He was nice enough to give me a link to the site where he found this information.

The battleax is the privy for Philip Hendrik Taddel, who served as Mint Master from Nov 1874 to May 1887.

The halberd (hellebaard) was the symbol for Hugo Laurens Adriaan van den Wall Bake (Good grief! What a name!), who served from July 1887 to 1909.

Thanks to Coin928 for the new resource (website) and the information.

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It looks like van den Wall Bake made some slight changes in the lettering placement, size, etc. I wonder if this was for aesthetic reasons, or if it was to further differentiate his coins from Taddel's.

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38 minutes ago, Just Bob said:

It looks like van den Wall Bake made some slight changes in the lettering placement, size, etc. I wonder if this was for aesthetic reasons, or if it was to further differentiate his coins from Taddel's.

Yeah... With things like that, when talking about 130+ year old coins. I'm never quite sure what's a deliberate "change" and what's a normal, year-to-year, die-to-die variation. With modern coins these things can be reproduced with very tight tolerances but I don't know what the tolerances were like back then. While I take those shots and blow it up huge the coin is only about the size of a US nickel. So those are small variations.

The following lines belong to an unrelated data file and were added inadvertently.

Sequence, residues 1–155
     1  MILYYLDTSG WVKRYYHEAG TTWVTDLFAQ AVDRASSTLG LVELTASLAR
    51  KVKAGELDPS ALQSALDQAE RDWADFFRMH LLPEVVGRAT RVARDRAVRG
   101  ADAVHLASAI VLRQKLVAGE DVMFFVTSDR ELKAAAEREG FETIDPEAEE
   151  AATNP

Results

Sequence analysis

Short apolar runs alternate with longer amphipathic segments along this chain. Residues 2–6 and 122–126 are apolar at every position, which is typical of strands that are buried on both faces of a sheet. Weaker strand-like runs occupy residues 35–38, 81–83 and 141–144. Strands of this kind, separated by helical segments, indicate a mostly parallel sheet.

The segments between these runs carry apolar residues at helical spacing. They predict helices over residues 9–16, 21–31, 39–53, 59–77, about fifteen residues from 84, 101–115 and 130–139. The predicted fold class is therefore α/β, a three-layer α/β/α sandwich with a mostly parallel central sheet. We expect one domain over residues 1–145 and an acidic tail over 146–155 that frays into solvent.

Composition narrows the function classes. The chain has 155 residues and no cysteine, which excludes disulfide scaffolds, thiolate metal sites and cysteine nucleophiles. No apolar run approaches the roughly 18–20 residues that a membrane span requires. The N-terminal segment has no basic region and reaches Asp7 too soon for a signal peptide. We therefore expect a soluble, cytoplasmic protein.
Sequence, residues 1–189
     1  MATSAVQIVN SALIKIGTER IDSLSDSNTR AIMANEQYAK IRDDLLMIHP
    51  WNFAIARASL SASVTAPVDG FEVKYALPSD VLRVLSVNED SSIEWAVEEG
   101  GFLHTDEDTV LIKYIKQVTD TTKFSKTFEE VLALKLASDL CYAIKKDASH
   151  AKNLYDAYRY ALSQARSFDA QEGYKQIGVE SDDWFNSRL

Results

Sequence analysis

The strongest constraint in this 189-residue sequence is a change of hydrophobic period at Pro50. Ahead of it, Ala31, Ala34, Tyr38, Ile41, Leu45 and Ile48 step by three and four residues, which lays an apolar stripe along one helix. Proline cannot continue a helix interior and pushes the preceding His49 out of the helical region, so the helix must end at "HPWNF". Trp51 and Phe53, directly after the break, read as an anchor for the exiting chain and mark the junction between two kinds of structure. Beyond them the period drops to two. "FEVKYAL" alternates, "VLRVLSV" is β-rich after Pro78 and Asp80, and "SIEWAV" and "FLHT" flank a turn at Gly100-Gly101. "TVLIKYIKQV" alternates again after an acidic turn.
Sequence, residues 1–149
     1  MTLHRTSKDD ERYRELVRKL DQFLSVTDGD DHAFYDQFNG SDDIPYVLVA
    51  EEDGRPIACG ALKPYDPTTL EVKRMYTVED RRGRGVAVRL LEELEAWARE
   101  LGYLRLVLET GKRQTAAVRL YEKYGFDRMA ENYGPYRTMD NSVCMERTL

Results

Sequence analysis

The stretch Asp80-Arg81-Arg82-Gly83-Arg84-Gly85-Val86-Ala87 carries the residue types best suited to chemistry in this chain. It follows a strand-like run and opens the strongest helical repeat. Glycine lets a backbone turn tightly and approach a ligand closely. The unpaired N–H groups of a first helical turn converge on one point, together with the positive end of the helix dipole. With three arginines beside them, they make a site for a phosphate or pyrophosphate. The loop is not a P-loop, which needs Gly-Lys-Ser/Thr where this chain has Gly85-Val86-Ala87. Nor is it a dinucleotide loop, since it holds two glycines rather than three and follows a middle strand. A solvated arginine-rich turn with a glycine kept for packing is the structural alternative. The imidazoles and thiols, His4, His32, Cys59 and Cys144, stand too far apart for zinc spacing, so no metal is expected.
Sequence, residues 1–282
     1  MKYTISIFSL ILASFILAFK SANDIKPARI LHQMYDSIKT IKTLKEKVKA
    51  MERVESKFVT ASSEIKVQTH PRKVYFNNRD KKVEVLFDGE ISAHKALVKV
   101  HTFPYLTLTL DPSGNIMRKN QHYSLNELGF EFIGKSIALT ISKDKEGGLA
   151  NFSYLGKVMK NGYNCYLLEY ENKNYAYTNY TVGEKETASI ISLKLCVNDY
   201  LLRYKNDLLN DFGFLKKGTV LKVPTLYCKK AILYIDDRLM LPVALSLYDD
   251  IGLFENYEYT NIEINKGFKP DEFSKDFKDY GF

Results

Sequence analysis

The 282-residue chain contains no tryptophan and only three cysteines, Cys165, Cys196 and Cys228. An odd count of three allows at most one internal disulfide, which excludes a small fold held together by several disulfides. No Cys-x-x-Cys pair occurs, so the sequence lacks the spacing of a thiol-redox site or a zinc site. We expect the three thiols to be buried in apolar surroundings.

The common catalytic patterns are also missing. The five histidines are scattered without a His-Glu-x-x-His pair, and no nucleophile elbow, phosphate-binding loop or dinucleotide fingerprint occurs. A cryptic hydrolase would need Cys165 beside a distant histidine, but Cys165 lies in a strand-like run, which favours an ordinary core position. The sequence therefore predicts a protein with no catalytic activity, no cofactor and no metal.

Edited by Revenant

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1 hour ago, Just Bob said:

It looks like van den Wall Bake made some slight changes in the lettering placement, size, etc. I wonder if this was for aesthetic reasons, or if it was to further differentiate his coins from Taddel's.

I noticed that, too.  It'd be very interesting to know why these changes occurred, but we likely never will.....coins often keep their secrets well, especially coins this old and back.  If you want to see some craziness with a coin from the 19th century, check out 1859 Canadian Large Cents.  I'm not certain of how many varieties of this coin exist, but I've heard estimates of up to 400!  I know of some collectors who just collect the different varieties of 1859 Large Cents.  That doesn't sound like much fun to me but, hey, we all have our things and that's what makes this hobby great!